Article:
Nazca Lines Flight in Peru – What is it Really Like?

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Nazca Lines Flight in Peru - What is it Really Like?

A few years ago, I experienced a Nazca Lines flight in Peru. This is an expensive tour. But, I thought it might be a once in a lifetime opportunity – so excitedly took the plunge.

It wasn’t exactly what I thought it might be! Tiny, bumpy planes took us on a nauseating flight over the desert. My heart was in my mouth, my stomach churned… but the reward was an aerial glimpse of one of the most intriguing sights in Peru. Was it worth it? 

This post outlines exactly what my experience with the Nazca Lines flight was like. So if you’re trying to decide if it’s worth the splurge, it may be helpful. Of course, some things may have changed in the last few years. So I’ve also added in an update at the end with things like the latest prices. I hope this helps…

Nazca Lines Flight Day Trip from Huacachina

Our third day in the amazing desert town of Huacachina was taken up with an eight-hour day trip to Nazca. Although the Huacachina – Arequipa stretch of the Peru Hop bus journey makes a brief stop at the Nazca lines viewing tower, I had my heart set on seeing these incredible aerial carvings from the air.

View from theplane of a Nazca Lines Flight

So we forked out a hefty $110 USD each, making it the most expensive tour of our 5-month backpacking trip so far! We organised the day trip through our hostel in Huacachina.

A Nazca Lines flight day trip from Huacachina is, as it turns out, quite a painfully long day. We set out at 8am on a very long journey. First, a taxi commissioned drove us to Ica and bought us bus tickets to Nazca. The bus took almost three hours, through a monotone sepia landscape of seemingly endless desert plains.

Tiny Airport – Tiny Planes!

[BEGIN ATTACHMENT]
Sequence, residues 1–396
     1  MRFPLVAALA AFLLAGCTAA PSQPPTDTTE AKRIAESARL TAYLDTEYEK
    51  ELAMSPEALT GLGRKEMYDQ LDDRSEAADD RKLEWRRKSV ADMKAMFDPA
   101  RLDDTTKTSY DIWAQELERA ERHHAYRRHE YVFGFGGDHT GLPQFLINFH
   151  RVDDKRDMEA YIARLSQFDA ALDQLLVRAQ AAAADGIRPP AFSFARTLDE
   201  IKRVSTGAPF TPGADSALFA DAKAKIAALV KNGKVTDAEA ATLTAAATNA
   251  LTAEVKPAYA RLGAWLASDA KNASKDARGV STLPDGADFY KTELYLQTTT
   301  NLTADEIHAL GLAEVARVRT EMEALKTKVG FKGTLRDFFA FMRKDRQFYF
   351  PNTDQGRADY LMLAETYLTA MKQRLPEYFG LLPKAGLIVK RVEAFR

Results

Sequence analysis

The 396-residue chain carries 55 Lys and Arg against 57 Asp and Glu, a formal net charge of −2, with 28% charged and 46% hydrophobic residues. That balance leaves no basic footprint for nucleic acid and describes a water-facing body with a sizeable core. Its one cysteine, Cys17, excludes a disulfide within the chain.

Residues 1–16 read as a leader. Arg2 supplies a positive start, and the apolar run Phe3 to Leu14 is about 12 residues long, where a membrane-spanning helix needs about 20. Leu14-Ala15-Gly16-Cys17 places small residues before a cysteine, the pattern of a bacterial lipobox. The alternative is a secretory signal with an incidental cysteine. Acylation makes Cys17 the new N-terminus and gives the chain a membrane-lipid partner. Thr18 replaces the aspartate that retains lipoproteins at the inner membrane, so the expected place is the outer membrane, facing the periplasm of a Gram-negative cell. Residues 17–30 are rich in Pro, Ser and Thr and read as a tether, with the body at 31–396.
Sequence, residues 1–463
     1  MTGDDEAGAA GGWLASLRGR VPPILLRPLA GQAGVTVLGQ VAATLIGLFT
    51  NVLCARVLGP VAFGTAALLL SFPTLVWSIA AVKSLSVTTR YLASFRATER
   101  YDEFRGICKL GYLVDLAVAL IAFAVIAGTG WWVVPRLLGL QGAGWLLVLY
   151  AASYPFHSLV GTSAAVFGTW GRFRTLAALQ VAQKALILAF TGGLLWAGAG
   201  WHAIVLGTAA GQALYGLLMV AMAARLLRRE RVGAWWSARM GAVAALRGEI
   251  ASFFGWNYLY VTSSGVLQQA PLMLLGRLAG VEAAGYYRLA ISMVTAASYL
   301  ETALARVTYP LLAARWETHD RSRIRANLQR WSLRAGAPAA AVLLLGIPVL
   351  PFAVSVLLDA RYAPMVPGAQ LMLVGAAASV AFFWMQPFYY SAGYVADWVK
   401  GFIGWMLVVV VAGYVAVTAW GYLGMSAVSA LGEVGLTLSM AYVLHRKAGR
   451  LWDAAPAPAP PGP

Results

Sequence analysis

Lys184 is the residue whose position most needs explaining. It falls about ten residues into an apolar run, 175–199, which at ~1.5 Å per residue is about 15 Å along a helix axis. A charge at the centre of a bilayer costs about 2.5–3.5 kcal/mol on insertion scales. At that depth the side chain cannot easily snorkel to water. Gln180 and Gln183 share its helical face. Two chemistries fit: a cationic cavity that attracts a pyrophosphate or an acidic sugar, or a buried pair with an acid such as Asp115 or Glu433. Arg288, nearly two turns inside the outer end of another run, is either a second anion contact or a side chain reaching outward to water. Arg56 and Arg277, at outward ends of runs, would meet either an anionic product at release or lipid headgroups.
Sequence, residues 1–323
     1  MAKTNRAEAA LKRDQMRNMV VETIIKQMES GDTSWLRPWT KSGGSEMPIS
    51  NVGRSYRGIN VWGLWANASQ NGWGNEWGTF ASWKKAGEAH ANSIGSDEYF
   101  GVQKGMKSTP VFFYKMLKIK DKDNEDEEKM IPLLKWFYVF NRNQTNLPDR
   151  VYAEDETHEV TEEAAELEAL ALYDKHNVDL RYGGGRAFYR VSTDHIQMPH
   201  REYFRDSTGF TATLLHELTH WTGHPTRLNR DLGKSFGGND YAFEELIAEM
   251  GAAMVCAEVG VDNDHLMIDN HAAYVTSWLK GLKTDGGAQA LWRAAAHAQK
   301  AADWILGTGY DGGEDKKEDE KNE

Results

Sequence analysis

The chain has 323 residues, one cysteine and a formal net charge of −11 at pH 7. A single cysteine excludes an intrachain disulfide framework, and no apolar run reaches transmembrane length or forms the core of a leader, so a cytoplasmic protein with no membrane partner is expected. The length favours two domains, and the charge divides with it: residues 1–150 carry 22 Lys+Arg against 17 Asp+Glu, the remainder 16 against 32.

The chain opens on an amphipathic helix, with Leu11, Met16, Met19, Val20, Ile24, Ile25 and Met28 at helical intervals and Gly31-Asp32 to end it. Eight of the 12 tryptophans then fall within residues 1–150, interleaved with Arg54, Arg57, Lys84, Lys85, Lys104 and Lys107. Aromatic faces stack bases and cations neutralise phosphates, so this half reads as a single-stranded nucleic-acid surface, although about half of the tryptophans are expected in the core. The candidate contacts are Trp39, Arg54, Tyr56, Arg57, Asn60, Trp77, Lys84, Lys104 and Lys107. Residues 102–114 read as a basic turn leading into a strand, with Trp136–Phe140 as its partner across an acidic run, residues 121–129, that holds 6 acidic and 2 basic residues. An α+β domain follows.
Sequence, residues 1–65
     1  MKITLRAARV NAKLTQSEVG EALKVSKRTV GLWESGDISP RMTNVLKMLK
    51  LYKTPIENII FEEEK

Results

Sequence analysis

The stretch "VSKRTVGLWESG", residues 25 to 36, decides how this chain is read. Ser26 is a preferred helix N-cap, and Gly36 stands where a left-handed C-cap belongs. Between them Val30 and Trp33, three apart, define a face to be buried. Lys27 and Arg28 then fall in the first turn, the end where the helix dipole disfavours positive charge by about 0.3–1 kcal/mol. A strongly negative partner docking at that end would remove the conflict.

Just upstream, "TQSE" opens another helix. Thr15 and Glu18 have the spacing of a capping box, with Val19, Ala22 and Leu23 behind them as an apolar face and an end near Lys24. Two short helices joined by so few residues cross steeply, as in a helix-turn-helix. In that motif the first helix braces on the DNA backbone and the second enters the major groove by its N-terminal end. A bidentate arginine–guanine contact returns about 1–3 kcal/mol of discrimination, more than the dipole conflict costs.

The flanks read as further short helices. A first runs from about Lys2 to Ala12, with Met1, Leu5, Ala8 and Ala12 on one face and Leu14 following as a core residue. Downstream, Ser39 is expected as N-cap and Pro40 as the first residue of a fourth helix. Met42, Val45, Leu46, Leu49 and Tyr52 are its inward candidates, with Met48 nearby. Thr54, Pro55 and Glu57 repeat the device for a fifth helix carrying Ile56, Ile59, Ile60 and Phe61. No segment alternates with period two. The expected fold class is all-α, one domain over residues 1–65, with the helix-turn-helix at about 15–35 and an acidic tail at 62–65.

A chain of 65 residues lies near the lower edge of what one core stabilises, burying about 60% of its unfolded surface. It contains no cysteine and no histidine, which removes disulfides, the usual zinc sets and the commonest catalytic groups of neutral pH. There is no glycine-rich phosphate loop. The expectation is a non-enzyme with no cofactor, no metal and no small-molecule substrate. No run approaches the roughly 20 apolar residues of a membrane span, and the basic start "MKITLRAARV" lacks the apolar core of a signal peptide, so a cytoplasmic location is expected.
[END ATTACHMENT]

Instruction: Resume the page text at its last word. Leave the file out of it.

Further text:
I knew the airport at Nazca wasn’t going to be big. But the tiny brick building alongside a single runway was a bit of a shock. As was the plane, when we were finally shown to it after a tedious wait inside the airport. 

Tiny planes at Nazca Airport in Peru

The plane was the smallest I’d ever been on. It wasn’t much taller than me when I stood next to it, and had only four passenger seats.

We were all weighed before the flight, so we were assigned seats for weight distribution. This meant I was sat directly behind my travel buddy instead of beside him. He was afraid of flying, especially in small planes. So I felt really bad for dragging him on the Nazca Lines flight when we couldn’t even sit together! 

What’s the Nazca Lines Flight Like?

As it turned out, I needed just as much support as him! As soon as we were inside the tiny, shaky little plane I realised I was absolutely terrified! Taking off was a nightmare, but once we were in the air things didn’t improve, with the plane shaking, lurching and dropping several feet at a time.

Clearly, the fear was evident on my face, because the co-pilot leading the tour kept laughing and insisting that “everything is fine”. We all wore huge, noise-cancelling headphones. When I lifted mine off out of curiosity the noise from the plane and the wind was overwhelming.

Peru desert lines

The co-pilot led the tour, and was able to speak to us over the headphones. He pointed out the various markings and explained what they were believed to depict. To be honest, I don’t remember much of the tour as I spent most of the flight concentrating on silent prayers for protection! 

Birds Eye View of the Nazca Lines

Once we were over the Nazca Lines, the plane banked to the left and right so that we could see each one out of our windows. Every time we twisted and dived, my stomach seemed to fall through the floor of the plane. Despite my terror, the lines themselves were incredible; enormous carvings stretching across the dusty, pinkish-brown field, some of them up to 200m across.

Nazca Lines astronaut figure in Peru

My particular favourite was the “astronaut” – a tall hillside carving of a waving human figure which, in my opinion, in no way resembles an astronaut. I also loved seeing the more famous Nazca Lines, like the hummingbird and the monkey.

Taking photos through the window of the shaky plane was really tough, so after a while, I gave up trying. Instead, I concentrated on properly seeing and appreciating the sights below me.

The violent motion of the plane, particularly the last five horrifying minutes before landing, made me really nauseous. That motion sickness didn’t leave me for the rest of the day.

Was it Worth it?

nazca lines flight

To save time on the return journey, we skipped the bus and paid extra for a colectivo (a shared taxi). Or, it was possibly a small mobile oven. An ancient car with no aircon, 4 passengers squeezed into the backseat, in which the driver kept all the windows wound up in spite of the desert heat. 

When we arrived back in the oasis town, I was feeling nauseous and we were both still a little shaken from the unexpectedly terrifying flight.

So was it worth it?